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Dr Musa A Keilani: Little prospect of a fair, just settlement
November 28, 2010
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It is becoming increasingly clear to the world that there is little prospect of a fair and just settlement of the Israeli-Palestinian conflict. The Israeli parliament’s (Knesset) adoption of a bill stipulating that any withdrawal from “annexed territory” should have a two-third majority Knesset support or, in the absence of such support, be endorsed by the people of Israel has placed yet another major hurdle in the way of an acceptable peace agreement on the Palestinian and Syrian fronts. The “annexed territory” includes occupied Arab East Jerusalem of the Palestinians and the Golan Heights of Syria.

The Israeli parliament is dominated by hawkish parties which reject any “compromise” with the Palestinians. There is no question of a hypothetical peace agreement calling for Israel giving up even a part of Arab East Jerusalem getting a two-thirds majority in the Knesset. When it comes to the issue being put to a referendum, it is clear that Israelis favouring relinquishing Arab East Jerusalem would be a small minority. That will also be the case with the Golan Heights, which many Israelis consider as vital to their country’s security. Furthermore, the strategic plateau contains the source of two thirds of Israel’s water consumption.

The overriding factor here is that Israel has reserved for itself the right to decide the future of territory it seized through the use of military force in defiance of the UN Charter and all relevant international laws and conventions. It is an open challenge to the rest of the world although few government leaders would declare it to be so in public. Where does the so-called peace process stand today? Nowhere, given the obstacles placed by Israel in the way of peace negotiations.

It has ruled out returning Arab East Jerusalem to the Palestinians and this makes it impossible for any Palestinian leader to enter peace negotiations. Then there is the issue of refugees and their rights. Although it has agreed to discuss the fate of Palestinian refugees from the 1948 war, but it would not budge from its position against respecting their right to return to their ancestral land or receive compensation for the properties they lost. As far as Israel is concerned, the problem of refugees has become an Arab and international problem. It has suggested that the countries hosting the refugees could absorb them into their populations.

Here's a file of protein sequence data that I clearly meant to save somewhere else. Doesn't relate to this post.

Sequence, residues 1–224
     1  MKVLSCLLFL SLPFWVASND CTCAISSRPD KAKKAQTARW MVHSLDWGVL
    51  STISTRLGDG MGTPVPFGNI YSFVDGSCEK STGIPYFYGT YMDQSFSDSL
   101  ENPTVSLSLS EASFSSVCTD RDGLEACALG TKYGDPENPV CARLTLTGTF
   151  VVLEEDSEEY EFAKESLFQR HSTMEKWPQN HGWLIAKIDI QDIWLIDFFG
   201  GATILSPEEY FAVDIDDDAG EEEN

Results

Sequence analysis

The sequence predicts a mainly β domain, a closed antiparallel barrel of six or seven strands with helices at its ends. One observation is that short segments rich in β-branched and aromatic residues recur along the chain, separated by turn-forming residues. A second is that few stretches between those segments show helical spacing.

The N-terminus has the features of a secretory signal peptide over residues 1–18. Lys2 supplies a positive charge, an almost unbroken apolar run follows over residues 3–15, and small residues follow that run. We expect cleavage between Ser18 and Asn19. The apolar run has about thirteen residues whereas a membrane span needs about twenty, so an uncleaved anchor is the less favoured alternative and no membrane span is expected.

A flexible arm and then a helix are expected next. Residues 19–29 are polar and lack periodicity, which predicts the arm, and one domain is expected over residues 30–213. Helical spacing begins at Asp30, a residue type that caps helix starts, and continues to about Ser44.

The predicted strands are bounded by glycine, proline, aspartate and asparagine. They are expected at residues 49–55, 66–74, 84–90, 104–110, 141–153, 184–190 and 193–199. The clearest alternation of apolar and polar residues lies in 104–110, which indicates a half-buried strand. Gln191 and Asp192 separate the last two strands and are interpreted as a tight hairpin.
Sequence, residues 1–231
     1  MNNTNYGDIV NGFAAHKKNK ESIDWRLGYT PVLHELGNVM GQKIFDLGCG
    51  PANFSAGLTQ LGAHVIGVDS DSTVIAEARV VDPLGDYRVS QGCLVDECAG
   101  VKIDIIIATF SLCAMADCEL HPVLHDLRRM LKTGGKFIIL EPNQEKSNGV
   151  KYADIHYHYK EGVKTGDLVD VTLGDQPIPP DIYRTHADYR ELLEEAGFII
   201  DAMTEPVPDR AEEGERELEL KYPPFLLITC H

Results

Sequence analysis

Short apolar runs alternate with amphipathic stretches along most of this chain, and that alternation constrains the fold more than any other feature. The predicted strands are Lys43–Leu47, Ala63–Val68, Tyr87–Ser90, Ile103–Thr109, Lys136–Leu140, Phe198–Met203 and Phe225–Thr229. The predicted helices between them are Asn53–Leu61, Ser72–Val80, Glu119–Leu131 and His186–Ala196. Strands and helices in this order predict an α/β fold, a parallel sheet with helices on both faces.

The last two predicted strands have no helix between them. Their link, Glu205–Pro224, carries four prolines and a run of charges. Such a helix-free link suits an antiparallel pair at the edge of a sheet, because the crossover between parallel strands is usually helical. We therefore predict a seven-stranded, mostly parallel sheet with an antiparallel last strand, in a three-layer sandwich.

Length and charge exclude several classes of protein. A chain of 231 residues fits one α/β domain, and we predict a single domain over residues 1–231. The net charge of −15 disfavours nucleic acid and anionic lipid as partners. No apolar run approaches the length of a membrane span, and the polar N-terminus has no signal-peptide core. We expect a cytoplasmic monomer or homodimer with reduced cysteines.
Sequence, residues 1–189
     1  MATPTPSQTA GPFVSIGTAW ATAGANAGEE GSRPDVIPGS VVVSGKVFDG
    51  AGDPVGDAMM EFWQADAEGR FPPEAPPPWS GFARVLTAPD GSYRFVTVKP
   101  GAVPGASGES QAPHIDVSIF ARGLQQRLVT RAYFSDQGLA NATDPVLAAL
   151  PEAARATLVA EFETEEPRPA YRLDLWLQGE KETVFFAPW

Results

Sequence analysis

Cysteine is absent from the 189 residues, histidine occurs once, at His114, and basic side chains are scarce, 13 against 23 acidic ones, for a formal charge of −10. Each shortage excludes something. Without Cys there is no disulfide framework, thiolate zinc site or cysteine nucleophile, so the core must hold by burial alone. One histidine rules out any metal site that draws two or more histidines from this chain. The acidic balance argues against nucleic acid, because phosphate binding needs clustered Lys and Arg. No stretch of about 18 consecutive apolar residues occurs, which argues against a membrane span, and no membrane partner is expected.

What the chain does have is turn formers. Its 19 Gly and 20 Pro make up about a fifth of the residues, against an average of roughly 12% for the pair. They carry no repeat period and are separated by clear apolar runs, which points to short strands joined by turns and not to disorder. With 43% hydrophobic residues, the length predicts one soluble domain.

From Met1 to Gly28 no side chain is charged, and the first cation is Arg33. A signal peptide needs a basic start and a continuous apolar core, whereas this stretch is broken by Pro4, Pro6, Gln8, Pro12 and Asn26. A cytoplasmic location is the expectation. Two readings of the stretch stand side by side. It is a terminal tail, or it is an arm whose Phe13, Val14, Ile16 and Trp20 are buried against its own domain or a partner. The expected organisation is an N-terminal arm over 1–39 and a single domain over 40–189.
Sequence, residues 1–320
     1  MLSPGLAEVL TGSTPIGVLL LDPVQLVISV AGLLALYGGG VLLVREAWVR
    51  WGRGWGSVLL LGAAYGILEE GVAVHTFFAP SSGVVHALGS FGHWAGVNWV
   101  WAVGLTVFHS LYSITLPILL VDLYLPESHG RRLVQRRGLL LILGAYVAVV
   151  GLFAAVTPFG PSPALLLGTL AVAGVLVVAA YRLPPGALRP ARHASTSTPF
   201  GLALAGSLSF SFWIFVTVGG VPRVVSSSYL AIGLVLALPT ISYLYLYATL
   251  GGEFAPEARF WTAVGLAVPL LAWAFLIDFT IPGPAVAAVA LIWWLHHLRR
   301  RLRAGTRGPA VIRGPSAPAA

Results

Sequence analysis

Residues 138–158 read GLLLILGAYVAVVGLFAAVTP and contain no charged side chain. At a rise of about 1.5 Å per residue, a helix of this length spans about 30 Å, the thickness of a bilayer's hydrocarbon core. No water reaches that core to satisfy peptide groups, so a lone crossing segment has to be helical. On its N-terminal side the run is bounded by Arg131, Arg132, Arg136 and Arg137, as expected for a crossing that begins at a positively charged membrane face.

Of course, Israel would have no objections if the issue of compensation is worked out without its involvement, meaning that the international community shoulders the responsibility. But that is neither here nor there. In any event, as things stand today, whatever is happening on the front of peace negotiations is a farce. Israel is indeed ready to resume direct peace negotiations with the Palestinians, particularly that is has received many sweeteners — in fact nothing but bribe — in the form of diplomatic assurances and a free military package that includes some 20 advanced fighter aircraft.

As far as Israeli Prime Minister Benjamin Netanyahu is concerned, Israel could resume peace talks anytime and keep the Palestinians dangling on a string for decades to come without offering them anything. The Palestinian leaders say they would not renew peace talks without a freeze in settlement construction in the occupied territories, including Arab East Jerusalem. It is clear that the US would somehow work out a compromise and coerce the Palestinians back into peace negotiations.

Under the US proposal, there would be a 90-day freeze in settlement construction during which Israel and the Palestinians would work out an agreement on their borders. The idea is that setting out the borders would solve half the problem because both sides would know what they would be getting in a final agreement and this would end the dispute over settlements and clear the way for solutions to other issues.

We fail to see the ground for the US optimism. The Israelis and Palestinians have been negotiating on and off for 19 years but could not reach any agreement. How then it could be expected the two sides will work out an agreement in three months?

Isn’t it also clear that Israel, which is in an entrenched position by virtue of its physical control of the Palestinian territories, would only seek to dictate its terms to the Palestinians? How could any Palestinian leader accept an agreement that would simply mean signing away the rights of his people once and for all? Any resumption of peace negotiations under the present conditions would be a wasted exercise.

The conditions need to be changed and this could come only moves that shake the foundations of the status quo. One of those moves should definitely be an end to the Palestinian dependence on the US. The Palestinians should assert their rights as a people who seek self-determination and independence under the UN Charter and other relevant conventions. Only then, there would be any chance of a shake-up of the status quo that would serve Palestinian interests.

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